Streamside Living

If you are a streamside landowner, you are one of the luckiest people on earth. To live along a stream in the Pacific Northwest is a privilege few people get to experience. Streamside landowners have a little bit of nature in their own backyards.

With this great privilege comes the responsibility to protect and steward this unique and special natural resource. However, living with nature may bring unique challenges such as flooding, bank erosion, beaver damage, and weed infestations.

Your stewardship can have a positive impact on clean water, abundant salmon, wildlife habitat, drainage, flood control and erosion control – leaving a lasting legacy for future generations.

Streamside Landowner Workshop_image

 Landowner Technical Assistance

Snohomish County provides a variety of resources to streamside landowners in unincorporated areas including technical assistance, restoration guidance, educational workshops, print materials, and site visits customized to the needs of your property. All resources are designed to help improve water quality and aquatic habitat, and to reduce downstream impacts such as flooding, erosion and pollution.

The process to get your questions addressed is easy! Start by emailing, calling, or by signing up online to schedule a free site visit with a Watershed Steward (see "Contact Us").

Streamside Landowner Workshop, November 2021 - Image of YouTube video recording

Click this link to view a recording of a Streamside Landowner Workshop, co-hosted with the Snohomish Conservation District in November 2022.

How to Be A Stream Friendly Landowner

Retain and Protect Existing Native Vegetation 
Native vegetation along streams is very important to the health of your stream. Established trees, shrubs and groundcovers not only help protect and improve water quality, these plants help protect your streambank from erosion and loss of property. 
  • Protect existing native vegetation 
  • Further enhance by planting native species
  • Monitor and control invasive species
  • Work with your neighbors to control invasive species. Vegetation removal may require a “Land Disturbing” permit. View more information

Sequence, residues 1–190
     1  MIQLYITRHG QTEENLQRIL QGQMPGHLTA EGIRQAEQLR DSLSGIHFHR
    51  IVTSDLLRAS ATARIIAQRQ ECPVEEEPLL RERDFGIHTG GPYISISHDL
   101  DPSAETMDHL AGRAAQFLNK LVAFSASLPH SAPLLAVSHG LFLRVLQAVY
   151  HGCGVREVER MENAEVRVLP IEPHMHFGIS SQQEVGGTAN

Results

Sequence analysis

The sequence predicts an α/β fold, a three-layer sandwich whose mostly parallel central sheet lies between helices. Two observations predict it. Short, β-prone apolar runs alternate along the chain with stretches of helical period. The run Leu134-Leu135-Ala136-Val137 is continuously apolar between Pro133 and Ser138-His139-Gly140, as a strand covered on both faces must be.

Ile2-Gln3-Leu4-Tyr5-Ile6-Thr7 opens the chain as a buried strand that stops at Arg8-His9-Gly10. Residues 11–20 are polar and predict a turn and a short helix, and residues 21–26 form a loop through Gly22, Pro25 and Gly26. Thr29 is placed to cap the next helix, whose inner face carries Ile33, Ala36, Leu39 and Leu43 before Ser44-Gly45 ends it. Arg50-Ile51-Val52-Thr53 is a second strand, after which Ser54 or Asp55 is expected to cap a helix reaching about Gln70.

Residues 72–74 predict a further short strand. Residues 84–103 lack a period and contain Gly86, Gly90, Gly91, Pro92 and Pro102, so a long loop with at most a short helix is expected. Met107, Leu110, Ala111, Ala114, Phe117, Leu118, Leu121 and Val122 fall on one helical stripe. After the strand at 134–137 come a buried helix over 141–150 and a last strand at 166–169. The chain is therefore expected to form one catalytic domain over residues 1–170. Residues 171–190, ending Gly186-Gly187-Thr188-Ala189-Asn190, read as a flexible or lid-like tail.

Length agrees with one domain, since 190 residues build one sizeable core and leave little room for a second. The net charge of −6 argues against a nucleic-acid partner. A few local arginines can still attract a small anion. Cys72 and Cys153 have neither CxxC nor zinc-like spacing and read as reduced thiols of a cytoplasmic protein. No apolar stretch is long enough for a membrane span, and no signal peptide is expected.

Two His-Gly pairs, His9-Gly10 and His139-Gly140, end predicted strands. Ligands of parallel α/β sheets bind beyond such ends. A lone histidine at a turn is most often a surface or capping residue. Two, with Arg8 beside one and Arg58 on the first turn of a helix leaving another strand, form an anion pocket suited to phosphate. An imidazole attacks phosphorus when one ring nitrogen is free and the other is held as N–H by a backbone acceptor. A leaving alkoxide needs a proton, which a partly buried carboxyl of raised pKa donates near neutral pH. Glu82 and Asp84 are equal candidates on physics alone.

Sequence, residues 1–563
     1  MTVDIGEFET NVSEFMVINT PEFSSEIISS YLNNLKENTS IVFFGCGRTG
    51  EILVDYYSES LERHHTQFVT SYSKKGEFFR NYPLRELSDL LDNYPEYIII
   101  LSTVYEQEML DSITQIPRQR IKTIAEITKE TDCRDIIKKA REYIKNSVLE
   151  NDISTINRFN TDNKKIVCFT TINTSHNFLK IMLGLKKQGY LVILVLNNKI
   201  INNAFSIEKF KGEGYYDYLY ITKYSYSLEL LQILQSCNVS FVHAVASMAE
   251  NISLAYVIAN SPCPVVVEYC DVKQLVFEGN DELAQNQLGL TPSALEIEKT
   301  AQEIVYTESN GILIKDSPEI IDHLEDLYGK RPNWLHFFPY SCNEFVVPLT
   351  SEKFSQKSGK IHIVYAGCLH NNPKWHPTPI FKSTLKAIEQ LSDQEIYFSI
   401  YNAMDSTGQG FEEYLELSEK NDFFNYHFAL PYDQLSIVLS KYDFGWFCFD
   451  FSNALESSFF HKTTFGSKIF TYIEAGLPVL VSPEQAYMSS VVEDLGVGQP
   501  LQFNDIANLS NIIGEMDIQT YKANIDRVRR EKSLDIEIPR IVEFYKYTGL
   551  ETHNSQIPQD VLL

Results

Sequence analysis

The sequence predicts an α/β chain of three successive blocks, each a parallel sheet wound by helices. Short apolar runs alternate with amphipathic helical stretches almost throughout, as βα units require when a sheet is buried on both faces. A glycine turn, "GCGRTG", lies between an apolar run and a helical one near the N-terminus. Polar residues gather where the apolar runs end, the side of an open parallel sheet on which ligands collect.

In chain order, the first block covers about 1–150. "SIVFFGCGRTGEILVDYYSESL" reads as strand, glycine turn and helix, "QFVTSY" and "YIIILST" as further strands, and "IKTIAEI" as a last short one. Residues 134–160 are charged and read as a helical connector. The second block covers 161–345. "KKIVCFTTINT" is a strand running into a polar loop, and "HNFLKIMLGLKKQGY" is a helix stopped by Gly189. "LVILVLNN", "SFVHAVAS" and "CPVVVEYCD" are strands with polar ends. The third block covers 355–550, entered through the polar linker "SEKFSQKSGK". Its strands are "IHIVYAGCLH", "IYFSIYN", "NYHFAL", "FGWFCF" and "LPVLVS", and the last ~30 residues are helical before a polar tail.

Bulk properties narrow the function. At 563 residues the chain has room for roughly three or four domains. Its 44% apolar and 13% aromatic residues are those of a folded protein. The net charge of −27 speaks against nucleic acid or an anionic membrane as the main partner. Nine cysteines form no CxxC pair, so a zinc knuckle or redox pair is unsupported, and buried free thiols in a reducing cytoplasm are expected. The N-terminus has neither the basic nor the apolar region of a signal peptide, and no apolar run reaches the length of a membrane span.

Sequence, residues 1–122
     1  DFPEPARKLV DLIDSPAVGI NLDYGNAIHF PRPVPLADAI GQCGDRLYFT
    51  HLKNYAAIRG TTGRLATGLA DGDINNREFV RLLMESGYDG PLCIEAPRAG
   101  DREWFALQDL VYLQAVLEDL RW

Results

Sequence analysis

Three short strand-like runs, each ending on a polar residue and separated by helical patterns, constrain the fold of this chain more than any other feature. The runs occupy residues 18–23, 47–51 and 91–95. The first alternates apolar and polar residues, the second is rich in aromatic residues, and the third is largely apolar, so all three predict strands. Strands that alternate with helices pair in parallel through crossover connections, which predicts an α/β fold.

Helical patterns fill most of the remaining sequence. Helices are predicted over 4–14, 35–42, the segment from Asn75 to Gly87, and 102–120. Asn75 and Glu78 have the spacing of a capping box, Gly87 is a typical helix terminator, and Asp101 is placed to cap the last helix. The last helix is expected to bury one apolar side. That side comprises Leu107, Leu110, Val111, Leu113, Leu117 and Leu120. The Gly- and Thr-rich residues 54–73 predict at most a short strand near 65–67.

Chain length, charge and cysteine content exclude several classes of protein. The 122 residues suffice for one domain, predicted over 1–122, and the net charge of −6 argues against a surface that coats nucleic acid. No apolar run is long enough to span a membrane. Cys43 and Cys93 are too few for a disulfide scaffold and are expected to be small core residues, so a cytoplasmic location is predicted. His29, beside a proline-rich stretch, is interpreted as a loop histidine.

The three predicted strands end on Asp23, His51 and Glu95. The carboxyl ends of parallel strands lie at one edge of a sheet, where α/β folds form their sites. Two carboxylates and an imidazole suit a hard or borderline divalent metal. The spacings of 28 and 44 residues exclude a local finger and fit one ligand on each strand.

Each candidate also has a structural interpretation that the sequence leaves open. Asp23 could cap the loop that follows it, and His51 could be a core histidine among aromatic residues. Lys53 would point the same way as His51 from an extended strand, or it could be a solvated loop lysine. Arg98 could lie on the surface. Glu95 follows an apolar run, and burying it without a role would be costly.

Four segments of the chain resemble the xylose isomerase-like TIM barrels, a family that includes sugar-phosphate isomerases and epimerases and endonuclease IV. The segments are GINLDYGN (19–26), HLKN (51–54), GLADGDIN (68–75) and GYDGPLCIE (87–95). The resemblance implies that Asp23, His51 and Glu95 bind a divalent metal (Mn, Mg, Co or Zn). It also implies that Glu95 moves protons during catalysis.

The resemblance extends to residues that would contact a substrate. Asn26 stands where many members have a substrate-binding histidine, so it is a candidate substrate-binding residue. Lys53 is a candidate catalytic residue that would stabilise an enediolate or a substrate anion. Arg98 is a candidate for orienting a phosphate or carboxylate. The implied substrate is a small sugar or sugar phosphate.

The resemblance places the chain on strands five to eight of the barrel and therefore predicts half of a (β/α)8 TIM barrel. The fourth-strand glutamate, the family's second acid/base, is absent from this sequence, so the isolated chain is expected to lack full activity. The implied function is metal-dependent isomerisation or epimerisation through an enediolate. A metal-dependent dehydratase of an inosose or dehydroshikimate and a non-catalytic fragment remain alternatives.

Control Invasive Species 
Non-native or invasive plant species can have a negative effect on water quality and overall stream health. View more information on identification, control, and proper disposal. Issues with invasive species include:
  • Displacing native vegetation
  • Reducing wildlife habitat 
  • Negative impacts to water quality
  • Increased soil and bank erosion 
  • Vegetation removal may require a “Land Disturbing” permit. View more information.
View Streamside Landowner Invasive Plant information.  

(back to list: How to be a Stream Friendly Landowner)

Plant Native Vegetation 
If your property doesn’t have much or any established native vegetation, then planting native trees and shrubs is highly recommended. Native plants help provide many functions that helps protect water quality including:
  • Helping shade water to reduce temperatures
  • Filtering stormwater 
  • Protecting streambanks from erosion 
  • Providing habitat for both aquatic and terrestrial species
View Streamside Landowner Native Plant information.  

Practice Natural Yard Care 

There are many steps that we can take to reduce the impact that our yards and gardens have on water quality. 
View information on Natural Yard Care.  

(back to list: How to be a Stream Friendly Landowner)

Managing Pets and Livestock 
Living with pets and livestock is an important part of life for many residents of Snohomish County. Unfortunately, they can have negative impacts on water quality and streamside vegetation. 
Living With Beavers
Beavers play a very important role in the health and function of our streams and wetlands. There are steps you can take to reduce their impact on your property.
(back to list: How to be a Stream Friendly Landowner)

close carousel
close carousel
close carousel